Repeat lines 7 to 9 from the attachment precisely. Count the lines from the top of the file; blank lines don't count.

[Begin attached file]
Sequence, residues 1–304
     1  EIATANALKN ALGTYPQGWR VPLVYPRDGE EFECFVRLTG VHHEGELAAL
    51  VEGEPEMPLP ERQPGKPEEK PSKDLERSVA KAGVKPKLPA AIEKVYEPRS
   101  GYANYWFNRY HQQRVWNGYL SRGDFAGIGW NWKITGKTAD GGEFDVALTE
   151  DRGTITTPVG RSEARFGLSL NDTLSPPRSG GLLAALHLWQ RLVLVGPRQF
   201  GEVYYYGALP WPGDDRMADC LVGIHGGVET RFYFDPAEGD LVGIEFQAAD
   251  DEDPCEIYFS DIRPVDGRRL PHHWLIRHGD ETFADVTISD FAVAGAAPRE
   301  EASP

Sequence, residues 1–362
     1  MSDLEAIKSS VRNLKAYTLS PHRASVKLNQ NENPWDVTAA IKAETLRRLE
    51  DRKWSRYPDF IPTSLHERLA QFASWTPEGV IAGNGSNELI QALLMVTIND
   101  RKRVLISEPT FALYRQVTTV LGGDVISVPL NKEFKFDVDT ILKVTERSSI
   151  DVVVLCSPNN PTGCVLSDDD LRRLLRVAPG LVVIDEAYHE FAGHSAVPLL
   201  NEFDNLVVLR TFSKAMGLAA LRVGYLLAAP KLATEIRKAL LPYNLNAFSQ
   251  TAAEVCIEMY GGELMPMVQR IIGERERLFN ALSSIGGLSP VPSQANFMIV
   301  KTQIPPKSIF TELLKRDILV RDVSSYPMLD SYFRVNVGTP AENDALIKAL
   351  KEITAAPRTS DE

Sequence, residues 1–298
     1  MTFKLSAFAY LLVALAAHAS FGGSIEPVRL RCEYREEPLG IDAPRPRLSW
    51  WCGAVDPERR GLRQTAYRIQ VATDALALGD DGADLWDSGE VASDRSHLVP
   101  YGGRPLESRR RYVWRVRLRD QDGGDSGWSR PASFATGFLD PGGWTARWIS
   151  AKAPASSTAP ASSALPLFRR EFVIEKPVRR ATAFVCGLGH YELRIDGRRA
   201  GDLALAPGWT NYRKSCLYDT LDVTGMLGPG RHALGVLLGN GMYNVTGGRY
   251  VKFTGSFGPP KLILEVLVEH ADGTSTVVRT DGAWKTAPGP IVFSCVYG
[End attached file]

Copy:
   251  DEDPCEIYFS DIRPVDGRRL PHHWLIRHGD ETFADVTISD FAVAGAAPRE
   301  EASP

Sequence, residues 1–362